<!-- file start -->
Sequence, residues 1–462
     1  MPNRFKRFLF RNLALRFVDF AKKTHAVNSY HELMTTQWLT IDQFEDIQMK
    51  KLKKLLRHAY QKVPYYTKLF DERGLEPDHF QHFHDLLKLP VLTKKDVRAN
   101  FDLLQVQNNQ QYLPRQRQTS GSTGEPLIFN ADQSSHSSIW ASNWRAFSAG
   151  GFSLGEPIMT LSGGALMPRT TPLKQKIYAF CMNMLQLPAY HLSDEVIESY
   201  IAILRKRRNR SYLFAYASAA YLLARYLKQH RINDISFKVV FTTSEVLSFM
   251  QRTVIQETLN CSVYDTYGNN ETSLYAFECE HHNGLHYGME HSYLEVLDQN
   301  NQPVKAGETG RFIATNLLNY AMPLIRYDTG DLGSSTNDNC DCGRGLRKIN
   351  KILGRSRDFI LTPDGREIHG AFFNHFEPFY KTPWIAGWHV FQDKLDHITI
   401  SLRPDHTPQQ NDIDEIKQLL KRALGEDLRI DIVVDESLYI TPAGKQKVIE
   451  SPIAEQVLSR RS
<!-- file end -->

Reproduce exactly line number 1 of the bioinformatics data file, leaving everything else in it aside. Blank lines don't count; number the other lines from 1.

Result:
Sequence, residues 1–462